AKRON-Whether or not the tire price hikes planned by manufacturers will hold up in the marketplace may ultimately be determined by how much excess production capacity remains within the industry to drive pricing downward. It's difficult to raise prices when there are too many tires and too few buyers, manufacturers have found.
This may have been partly to blame for what occurred in 1994, when tire makers, in two separate rounds of price hikes, attempted to increase prices by a total of 5 to 7 percent.
As frequently happens, only a portion of these price hikes ``stuck'' in the marketplace, leaving manufacturers with only part of their intended increase-probably no more than 3 or 4 percent-in the opinion of most tire-company executives surveyed by TIRE BUSINESS.
Meanwhile, the never-easy task of estimating how much excess production capacity exists within North America's tire industry at any given time became all the more difficult in 1994 as a result of the United Rubber Workers strike, several survey participants were quick to point out.
Thus it's not too surprising that there was considerable disagreement on the part of the participating tire company executives as to how much excess capacity-if, indeed, any-ex-ists to impact the tire pricing picture in 1995.
Similar views, expressing doubt about the existence of excess capacity, were voiced by several other survey participants.
``We feel the industry is very close to being in line with competitive capacity,'' said Kelly- Springfield Tire Corp. President Lee Fiedler. ``There is some (non-)competitive capacity,'' he allowed, ``but it will fall along the wayside as the year progresses.''
As a result, Mr. Fiedler predicted, ``the year will see no overcapacity, but (instead) reflect some shortages.''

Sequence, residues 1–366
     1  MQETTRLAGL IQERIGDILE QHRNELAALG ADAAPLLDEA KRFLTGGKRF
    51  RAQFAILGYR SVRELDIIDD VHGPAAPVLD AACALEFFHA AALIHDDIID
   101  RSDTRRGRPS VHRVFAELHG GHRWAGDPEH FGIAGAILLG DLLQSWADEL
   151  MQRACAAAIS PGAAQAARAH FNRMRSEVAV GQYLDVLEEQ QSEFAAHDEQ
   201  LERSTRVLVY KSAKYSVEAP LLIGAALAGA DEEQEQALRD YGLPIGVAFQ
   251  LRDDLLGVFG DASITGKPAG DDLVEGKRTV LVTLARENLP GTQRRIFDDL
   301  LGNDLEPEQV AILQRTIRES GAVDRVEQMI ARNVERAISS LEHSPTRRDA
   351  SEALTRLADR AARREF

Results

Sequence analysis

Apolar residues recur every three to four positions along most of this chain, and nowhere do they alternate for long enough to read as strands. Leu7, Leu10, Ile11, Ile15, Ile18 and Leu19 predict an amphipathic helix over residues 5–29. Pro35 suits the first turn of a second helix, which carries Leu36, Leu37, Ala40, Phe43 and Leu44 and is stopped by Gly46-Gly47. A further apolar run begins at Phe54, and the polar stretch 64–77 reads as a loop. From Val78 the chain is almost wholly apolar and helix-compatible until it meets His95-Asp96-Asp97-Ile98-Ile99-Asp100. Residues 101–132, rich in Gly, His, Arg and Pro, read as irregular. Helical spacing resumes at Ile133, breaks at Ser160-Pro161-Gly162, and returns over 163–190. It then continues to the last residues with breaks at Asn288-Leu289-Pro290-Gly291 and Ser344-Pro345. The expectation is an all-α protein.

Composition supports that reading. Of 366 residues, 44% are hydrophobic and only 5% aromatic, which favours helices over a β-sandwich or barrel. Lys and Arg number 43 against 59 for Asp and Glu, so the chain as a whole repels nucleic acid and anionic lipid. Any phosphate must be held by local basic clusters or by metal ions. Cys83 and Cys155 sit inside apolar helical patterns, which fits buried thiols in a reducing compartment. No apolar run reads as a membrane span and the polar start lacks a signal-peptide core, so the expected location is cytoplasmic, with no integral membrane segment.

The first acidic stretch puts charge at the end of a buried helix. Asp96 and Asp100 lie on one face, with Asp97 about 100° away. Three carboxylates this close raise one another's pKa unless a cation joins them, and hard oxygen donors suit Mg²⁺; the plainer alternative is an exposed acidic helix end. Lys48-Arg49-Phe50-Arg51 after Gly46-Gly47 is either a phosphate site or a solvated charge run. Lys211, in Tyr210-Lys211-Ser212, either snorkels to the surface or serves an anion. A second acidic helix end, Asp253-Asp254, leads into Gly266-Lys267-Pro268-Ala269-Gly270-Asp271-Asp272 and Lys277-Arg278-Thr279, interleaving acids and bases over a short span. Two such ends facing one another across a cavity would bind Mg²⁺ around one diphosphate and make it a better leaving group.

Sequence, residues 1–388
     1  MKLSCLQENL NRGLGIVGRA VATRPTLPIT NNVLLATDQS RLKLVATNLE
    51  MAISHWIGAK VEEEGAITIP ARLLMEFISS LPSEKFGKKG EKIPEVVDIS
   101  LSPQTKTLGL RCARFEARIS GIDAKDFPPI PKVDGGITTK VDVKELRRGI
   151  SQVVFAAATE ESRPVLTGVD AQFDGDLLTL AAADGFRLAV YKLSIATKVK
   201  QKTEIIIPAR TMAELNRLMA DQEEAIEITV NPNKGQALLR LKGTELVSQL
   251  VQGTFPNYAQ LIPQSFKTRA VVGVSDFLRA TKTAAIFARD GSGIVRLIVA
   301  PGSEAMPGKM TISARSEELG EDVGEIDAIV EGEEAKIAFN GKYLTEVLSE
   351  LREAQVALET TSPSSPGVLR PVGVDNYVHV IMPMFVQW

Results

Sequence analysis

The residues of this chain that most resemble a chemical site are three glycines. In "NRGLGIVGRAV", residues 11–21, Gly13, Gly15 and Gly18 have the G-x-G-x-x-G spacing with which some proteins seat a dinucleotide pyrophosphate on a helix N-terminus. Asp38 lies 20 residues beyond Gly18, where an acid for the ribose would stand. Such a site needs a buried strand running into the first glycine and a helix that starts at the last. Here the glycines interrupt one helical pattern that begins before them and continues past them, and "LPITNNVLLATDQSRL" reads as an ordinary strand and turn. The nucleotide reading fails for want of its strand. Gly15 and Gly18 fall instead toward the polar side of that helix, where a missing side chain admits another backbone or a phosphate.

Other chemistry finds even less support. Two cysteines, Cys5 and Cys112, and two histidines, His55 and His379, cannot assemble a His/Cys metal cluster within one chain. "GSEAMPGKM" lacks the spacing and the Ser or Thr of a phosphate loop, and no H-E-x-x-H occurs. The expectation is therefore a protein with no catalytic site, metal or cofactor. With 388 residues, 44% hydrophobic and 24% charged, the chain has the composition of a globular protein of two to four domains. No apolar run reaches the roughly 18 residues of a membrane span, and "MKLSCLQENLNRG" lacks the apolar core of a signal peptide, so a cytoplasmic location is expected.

On the other hand, Cooper Tire & Rubber Co. President John Fahl perceives the situa-tion differently. ``When you can take a large portion of capacity out of production due to the (strike-imposed) work stoppages at some companies during the year and still supply a fast track replacement market and double-digit OE market, it's obvious there is overcapacity,'' he said.
Titan Tire Corp. President and CEO Maurice Taylor Jr. and Vice President of Sales and Marketing Steven A. Root agreed. They estimated the existence of 25 percent excess capacity to wreak havoc on the 1995 marketplace.
Likewise, Continental General Tire's Vice President of Marketing Walter S. Stashkiw estimated that, if U.S. imports also are taken into account, the market is glutted with 20 million excess passenger tires.
``I think that, early in the year, there was an overcapacity problem,'' said Dan G. Wire, vice president sales and marketing for San Francisco-based Sumitomo Tire (U.S.). ``However, as the year went along, the demand and supply became more balanced.''
This he said was due to sev-eral factors-improved OE de-mand in the U.S. and Japan, the URW-imposed strikes and less competition from imports thanks to the improving world economy.
Russell Chick, Yokohama Tire Corp.'s manager of marketing communications and marketing research, agreed the U.S. tire market may not have suffered from excess capacity in 1994-particularly in view of production slowdowns caused by the URW strikes.
But overcapacity may well be a factor in the marketing of broadline passenger tires and some performance sizes during the coming year, Mr. Chick predicted.